Congratulations to the first round of PeerJ Award winners!

With the PeerJ Awards program in full swing, we are eager to highlight the winners so far. Here is a brief look at their award-winning contributions and their next steps in open science.

By teaming up with a number of conferences to offer these awards, we are making it as easy as possible for organizers to reward excellence in science and signal to the wider research community that open science is better science. Learn more here and get in touch if you are a conference organizer and are looking to offer a ‘Best Contribution’ award for open science –

Sebastian Daberdaku – Best Contribution BBCC2019

Can you tell us a bit about yourself and your research interests?

I am a post-doc researcher at the Department of Information Engineering – University of Padova. I have a computer engineering background and I got my PhD in bioinformatics with a dissertation entitled “Protein contour modelling and computation for complementarity detection and docking”. My research interests are in the areas of structural bioinformatics and computational biology. More specifically, I have worked on algorithms for the computation of high-resolution voxelised protein surfaces and on descriptors that can jointly evaluate the geometrical and physico-chemical similarity/complementarity of protein surface portions for protein-protein interaction interface prediction and docking. In the computational biology area I am studying the effect of single point mutations on metabolic pathways with techniques such as Flux Balance Analysis.

Can you briefly explain the research you presented on at BBCC?

I developed a novel purely geometric algorithm for the detection of ligand-binding protein pockets and cavities which is based on the Euclidean Distance Transform (EDT). The EDT can be used to compute the Solvent-Excluded surface for any given probe sphere radius value at high resolutions and in a timely manner. The algorithm is adaptive to the specific candidate ligand: it computes two voxelised protein surfaces using two different probe sphere radii depending on the shape of the candidate ligand. The pocket regions consist of the voxels located between the two surfaces, which exhibit a certain minimum depth value from the outer surface. The distance map values computed by the EDT algorithm during the second surface computation can be used to elegantly determine the depth of each candidate pocket and to rank them accordingly. Cavities on the other hand, are identified by scanning the inside of the protein for voids. The algorithm determines and outputs the best k candidate pockets and cavities, i.e. the ones that are more likely to bind to the given ligand. The method was applied to a representative set of protein-ligand complexes and their corresponding unbound protein structures to evaluate its ligand binding site prediction capabilities, and was shown to outperform most of the previously developed purely geometric pocket and cavity search methods.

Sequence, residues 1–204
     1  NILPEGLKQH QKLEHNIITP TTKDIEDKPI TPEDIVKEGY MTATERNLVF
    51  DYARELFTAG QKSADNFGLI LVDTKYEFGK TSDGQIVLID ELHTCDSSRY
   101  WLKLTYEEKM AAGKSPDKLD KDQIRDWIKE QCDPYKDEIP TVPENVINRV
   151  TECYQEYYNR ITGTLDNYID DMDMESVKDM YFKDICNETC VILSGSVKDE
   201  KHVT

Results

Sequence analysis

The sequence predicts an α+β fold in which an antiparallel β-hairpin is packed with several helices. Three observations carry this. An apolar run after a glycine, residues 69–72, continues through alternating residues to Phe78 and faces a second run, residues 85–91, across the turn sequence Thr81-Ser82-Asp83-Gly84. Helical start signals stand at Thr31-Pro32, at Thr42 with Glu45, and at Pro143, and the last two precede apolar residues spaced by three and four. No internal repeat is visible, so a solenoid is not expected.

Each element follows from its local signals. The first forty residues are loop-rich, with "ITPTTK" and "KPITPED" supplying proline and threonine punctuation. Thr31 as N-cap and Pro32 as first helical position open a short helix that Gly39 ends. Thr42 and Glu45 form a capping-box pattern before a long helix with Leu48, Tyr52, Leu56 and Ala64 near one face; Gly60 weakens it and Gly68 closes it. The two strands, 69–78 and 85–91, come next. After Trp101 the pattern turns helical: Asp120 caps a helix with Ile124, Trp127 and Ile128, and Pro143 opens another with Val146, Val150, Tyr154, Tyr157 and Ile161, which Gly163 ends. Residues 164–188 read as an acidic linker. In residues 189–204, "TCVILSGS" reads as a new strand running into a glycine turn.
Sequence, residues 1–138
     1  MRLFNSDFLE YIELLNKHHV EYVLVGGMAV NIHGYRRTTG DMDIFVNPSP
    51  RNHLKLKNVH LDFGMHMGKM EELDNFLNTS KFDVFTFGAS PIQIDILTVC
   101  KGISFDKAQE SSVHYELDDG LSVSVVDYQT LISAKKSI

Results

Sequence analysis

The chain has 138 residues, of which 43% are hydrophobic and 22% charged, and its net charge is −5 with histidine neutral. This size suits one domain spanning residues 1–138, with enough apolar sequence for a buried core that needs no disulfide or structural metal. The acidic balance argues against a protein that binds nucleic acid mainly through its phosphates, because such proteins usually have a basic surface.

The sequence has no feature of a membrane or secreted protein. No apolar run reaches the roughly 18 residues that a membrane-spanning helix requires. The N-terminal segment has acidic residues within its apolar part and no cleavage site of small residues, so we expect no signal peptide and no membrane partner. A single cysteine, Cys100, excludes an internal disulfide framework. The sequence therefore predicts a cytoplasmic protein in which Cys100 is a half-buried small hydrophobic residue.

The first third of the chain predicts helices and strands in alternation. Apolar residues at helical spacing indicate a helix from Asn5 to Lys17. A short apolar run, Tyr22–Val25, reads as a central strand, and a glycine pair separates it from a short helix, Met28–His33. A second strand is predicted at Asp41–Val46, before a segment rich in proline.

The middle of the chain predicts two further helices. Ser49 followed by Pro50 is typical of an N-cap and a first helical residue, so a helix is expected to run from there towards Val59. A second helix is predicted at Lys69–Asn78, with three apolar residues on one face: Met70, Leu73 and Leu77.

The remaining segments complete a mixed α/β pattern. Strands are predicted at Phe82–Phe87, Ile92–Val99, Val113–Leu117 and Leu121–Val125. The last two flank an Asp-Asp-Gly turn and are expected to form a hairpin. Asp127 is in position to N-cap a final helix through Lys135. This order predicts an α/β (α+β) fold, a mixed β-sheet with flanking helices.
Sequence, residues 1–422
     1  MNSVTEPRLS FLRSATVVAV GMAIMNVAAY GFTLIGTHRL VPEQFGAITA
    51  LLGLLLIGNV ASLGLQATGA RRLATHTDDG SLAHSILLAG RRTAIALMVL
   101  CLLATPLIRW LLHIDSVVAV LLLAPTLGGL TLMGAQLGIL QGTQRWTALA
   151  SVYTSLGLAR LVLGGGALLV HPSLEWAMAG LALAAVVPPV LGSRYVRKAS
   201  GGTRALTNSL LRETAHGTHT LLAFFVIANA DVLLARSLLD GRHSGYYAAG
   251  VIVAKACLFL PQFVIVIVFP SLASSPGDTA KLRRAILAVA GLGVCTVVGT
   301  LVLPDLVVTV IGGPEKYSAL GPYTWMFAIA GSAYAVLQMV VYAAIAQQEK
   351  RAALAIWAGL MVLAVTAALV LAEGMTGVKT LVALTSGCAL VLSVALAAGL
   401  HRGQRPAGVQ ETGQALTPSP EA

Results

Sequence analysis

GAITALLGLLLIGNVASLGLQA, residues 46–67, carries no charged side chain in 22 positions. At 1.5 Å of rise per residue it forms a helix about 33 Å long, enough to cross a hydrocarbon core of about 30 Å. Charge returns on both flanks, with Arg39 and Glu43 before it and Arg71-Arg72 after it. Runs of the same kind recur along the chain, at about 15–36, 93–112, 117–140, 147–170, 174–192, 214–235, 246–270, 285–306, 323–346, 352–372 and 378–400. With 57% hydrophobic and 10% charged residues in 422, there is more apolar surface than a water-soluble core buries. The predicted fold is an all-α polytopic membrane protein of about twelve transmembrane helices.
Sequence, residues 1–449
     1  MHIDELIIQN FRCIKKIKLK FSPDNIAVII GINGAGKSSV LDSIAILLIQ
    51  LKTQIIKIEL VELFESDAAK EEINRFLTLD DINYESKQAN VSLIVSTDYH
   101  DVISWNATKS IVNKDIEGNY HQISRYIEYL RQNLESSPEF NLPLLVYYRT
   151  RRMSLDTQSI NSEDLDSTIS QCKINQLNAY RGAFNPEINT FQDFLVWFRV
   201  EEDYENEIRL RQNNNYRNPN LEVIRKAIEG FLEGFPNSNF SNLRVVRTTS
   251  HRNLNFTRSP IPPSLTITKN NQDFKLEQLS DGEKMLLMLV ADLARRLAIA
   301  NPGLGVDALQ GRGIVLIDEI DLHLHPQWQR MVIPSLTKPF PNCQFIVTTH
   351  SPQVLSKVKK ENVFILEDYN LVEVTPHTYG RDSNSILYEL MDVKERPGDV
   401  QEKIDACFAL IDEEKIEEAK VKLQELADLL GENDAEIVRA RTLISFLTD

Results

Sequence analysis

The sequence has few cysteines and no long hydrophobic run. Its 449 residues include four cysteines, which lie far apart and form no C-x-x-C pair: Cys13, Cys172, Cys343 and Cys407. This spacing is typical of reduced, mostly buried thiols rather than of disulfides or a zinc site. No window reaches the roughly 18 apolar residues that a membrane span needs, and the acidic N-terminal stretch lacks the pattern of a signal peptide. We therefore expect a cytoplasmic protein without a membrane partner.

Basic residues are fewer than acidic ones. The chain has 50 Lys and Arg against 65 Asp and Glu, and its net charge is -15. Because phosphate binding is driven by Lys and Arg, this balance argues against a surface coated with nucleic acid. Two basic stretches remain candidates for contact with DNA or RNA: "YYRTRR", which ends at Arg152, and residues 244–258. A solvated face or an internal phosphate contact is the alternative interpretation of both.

What are your next steps? How will you continue to build on this research?

The algorithm I developed is purely geometric and does not take into account any physico-chemical properties that ligand-binding pockets and cavities might have. As a next step, I plan to identify a set of physico-chemical properties to be mapped on the voxelised representation of the pocket/cavity surface which will help discriminate ligand-binding sites from the rest of the candidates. I believe that this methodology could be useful for structure-based drug design and for protein-ligand docking applications.

Maria Elena Martino – Best Talk IGC Portugal

Can you tell us a bit about yourself and your research interests?

I am a researcher at the Department of Comparative Biomedicine and Food Science of the University of Padua (Italy). I am a microbiologist and my research interests lie in understanding the processes underpinning the evolution of bacteria and their adaptation to new environments. I am currently working on deciphering the evolutionary mechanisms governing the mutualistic interaction between bacteria and their hosts, to understand how evolution shapes their constant association and reciprocal benefits.

Can you briefly explain the research you presented on at the IGC Symposium?

At the IGC Symposium I presented the results of my postdoctoral work that I conducted in the laboratory of François Leulier at the Institute of Functional Genomics of Lyon (France). I have been working on the mutualism between Drosophila melanogaster and Lactobacillus plantarum. We recently showed that, in this type of mutualism, the host diet, and not the host per se, is the driving force of the emergence of the mutualistic association between the two partners. In other words, bacterial adaptation to the host nutritional environment is the foremost step underlying the emergence of Drosophila/Lactobacillus mutualism. Once mutualistic bacteria are adapted to the host diet, they become beneficial for their animal partner.

What are your next steps? How will you continue to build on this research?

I am now starting my own lab at the University of Padua, aiming at deciphering the evolutionary mechanisms shaping the beneficial relationships between animals and bacteria. In particular, I am interested in disclosing the role of the animal host in the evolution of its mutualistic bacteria, how ecology drives the establishment and evolution of mutualisms in nature, and how bacteria affect the evolution of their animal partner. This will contribute to our understanding of animal/microbe relationships, including those occurring in humans.

Congratulations to the PeerJ Award winners and looking forward to working with more conferences to recognize excellent science in 2019.